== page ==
In Bulgaria, certain bird species can be legally hunted during specific periods. Only certain types of rifles are allowed, and all other hunting methods are forbidden, including the use of calling devices or live decoys. Bird trapping is illegal.
And yet, despite bird protection legislation, up to 63,700 birds are illegally killed in Bulgaria every single year. Some species are more affected than others. Those hit the hardest by the atrocity that is illegal killing are the Eurasian Skylark (Alauda arvensis), Mallard (Anas platyrhynchos), Common Quail (Coturnix coturnix), Common Starling (Sturnus vulgaris), and the Greater White-fronted Goose (Anser albifrons).
To the East of Bulgaria lies the Black Sea coast, also known as the Bulgarian Riviera. It’s full of golden sandy beaches and attracts millions of tourists every year. Little do those tourists know, the Black Sea coast is also a hotspot for the illegal killing of birds… In particular, in the Dobrudzha and Dobrich regions, Durankulak lake, Shabla lake and Burgas lakes.
Bird crime in Bulgaria takes many different forms: nest robbing for illegal falconry, egg collecting, raptor persecution, trapping and exporting songbirds, illegal killing tourism, killing raptors for taxidermy collection, and more.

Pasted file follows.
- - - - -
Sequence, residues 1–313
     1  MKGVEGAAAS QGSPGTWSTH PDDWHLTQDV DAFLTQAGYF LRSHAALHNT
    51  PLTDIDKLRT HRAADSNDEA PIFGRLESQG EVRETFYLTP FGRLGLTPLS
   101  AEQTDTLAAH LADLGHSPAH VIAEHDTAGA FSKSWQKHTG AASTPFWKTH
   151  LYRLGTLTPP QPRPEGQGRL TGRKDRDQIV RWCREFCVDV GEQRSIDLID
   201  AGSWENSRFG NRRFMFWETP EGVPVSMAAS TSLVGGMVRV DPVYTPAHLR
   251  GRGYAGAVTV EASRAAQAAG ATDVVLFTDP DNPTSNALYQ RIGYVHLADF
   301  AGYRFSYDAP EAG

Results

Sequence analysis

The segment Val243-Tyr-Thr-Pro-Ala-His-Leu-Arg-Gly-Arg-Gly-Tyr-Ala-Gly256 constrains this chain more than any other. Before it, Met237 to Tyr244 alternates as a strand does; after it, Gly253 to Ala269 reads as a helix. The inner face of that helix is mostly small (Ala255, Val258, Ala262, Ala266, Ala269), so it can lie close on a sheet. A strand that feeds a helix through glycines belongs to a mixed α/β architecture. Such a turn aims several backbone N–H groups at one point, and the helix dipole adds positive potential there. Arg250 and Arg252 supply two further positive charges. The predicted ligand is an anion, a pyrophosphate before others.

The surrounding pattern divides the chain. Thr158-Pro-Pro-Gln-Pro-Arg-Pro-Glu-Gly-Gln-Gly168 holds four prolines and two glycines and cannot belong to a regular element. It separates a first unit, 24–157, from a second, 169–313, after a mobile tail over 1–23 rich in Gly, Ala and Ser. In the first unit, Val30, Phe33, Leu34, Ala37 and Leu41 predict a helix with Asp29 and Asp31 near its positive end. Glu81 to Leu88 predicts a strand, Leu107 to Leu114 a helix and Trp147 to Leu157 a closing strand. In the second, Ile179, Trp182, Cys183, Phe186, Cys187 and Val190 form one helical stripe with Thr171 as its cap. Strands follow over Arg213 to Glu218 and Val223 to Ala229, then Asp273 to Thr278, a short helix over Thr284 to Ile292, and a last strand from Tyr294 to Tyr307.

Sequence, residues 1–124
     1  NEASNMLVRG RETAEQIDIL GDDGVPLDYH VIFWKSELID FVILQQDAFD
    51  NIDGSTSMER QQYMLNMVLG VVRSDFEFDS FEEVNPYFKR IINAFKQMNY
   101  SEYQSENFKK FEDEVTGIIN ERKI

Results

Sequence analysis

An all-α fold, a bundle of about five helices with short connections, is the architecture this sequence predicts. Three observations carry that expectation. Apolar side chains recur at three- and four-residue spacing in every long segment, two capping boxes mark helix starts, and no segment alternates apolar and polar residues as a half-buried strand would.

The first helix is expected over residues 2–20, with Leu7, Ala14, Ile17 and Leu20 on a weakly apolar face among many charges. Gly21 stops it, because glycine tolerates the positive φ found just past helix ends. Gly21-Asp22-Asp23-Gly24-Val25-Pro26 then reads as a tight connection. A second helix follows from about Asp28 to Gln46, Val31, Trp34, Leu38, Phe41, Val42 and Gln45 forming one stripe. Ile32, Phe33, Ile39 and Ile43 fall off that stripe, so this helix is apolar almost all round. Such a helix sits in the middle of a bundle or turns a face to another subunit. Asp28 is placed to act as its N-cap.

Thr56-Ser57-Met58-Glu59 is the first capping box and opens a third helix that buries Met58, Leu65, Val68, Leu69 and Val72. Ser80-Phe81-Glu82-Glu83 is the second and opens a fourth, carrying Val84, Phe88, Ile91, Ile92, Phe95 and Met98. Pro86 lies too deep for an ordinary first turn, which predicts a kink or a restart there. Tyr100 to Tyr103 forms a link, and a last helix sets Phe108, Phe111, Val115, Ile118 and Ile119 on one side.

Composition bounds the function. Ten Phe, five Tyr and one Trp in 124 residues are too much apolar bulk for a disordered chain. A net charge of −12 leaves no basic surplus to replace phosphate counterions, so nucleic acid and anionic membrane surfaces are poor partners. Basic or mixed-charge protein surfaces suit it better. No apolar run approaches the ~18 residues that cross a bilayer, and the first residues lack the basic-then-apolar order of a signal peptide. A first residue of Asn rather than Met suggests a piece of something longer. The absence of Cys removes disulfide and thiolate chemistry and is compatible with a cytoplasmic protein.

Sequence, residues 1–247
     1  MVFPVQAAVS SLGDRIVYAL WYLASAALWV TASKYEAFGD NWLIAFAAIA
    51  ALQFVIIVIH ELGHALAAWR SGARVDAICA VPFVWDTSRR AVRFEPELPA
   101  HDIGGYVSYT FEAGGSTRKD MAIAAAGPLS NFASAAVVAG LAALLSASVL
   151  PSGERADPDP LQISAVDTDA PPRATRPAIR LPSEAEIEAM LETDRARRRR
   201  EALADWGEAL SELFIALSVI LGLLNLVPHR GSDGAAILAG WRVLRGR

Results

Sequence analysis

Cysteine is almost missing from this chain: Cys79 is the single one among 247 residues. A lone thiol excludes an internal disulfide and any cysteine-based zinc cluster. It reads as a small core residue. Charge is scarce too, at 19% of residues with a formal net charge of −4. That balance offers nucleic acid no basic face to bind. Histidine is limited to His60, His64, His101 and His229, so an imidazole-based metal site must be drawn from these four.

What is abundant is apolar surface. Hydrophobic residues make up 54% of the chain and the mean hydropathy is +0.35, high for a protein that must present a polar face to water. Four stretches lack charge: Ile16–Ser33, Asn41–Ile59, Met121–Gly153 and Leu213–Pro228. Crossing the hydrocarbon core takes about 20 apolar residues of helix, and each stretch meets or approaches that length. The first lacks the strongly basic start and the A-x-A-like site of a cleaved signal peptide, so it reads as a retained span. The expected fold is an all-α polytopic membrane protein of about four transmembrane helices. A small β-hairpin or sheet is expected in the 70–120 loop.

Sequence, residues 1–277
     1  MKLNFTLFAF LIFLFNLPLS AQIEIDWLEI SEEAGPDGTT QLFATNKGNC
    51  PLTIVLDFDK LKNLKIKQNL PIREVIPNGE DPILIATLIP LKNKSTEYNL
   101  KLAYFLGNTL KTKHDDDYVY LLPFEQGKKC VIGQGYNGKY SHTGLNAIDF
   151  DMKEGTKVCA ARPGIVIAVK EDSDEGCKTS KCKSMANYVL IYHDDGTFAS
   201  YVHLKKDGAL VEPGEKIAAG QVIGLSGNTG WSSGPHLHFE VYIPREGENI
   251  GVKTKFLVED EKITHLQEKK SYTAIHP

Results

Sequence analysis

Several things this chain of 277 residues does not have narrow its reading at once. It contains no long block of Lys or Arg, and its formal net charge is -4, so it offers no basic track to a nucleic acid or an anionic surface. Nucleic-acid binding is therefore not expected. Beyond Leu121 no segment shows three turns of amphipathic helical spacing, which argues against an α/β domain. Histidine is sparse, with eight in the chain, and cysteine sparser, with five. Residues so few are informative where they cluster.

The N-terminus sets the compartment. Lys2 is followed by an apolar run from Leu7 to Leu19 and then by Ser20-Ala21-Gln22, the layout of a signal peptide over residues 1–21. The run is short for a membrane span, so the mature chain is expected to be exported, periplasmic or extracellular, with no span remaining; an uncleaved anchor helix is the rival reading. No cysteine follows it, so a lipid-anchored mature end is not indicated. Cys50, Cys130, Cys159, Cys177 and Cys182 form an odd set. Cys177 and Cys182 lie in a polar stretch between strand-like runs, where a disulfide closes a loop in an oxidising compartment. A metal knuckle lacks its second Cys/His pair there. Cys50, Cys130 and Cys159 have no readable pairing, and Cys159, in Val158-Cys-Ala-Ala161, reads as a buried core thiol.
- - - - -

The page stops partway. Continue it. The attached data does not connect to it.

Thankfully for our feather’s friends, they don’t only have human enemies. They’ve got some amazing human friends, too. BirdLife’s Bulgarian partner, the BSPB – the Bulgarian Society for the Protection of Birds – is one of the leading environmental NGOs for the protection of wild birds and their habitats in the Balkans. The people at BSPB work tirelessly to end the illegal killing of birds in Bulgaria, and have spearheaded efforts in the region to combat the illegal trafficking of Egyptian vultures. It is currently leading an ambitious project, ‘Egyptian vulture – New LIFE’, spanning 14 countries along its migratory flyway.
In Bulgaria and the Balkans, BSPB and its partners are focusing on creating ‘Vulture Safe Zones’ by clearing areas of poisoned baits and ensuring the availability of safe food. BSPB, together with Green Balkans, has also launched a much-needed breeding program to strengthen local population numbers before time runs out for these magnificent vultures.
BSPB is also using a database to try to monitor all kinds of data regarding cases of bird crime. This database contains information on the date, place, type of species, etc.
Whilst better law enforcement should help to underpin efforts to tackle this issue on the ground, unfortunately, busting bird crime seems to be a low priority task for Bulgarian institutions.